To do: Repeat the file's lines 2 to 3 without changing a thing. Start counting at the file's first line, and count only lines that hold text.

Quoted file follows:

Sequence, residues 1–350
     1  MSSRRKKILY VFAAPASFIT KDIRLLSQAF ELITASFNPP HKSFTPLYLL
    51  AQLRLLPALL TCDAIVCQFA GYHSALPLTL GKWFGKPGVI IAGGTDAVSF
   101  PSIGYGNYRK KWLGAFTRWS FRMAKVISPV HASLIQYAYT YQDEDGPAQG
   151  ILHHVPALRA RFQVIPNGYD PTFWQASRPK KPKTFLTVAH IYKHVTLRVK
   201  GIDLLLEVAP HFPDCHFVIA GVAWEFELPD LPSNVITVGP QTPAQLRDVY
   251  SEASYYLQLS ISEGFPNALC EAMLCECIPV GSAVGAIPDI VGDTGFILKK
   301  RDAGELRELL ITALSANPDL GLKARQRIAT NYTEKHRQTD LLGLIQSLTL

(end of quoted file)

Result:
     1  MSSRRKKILY VFAAPASFIT KDIRLLSQAF ELITASFNPP HKSFTPLYLL
    51  AQLRLLPALL TCDAIVCQFA GYHSALPLTL GKWFGKPGVI IAGGTDAVSF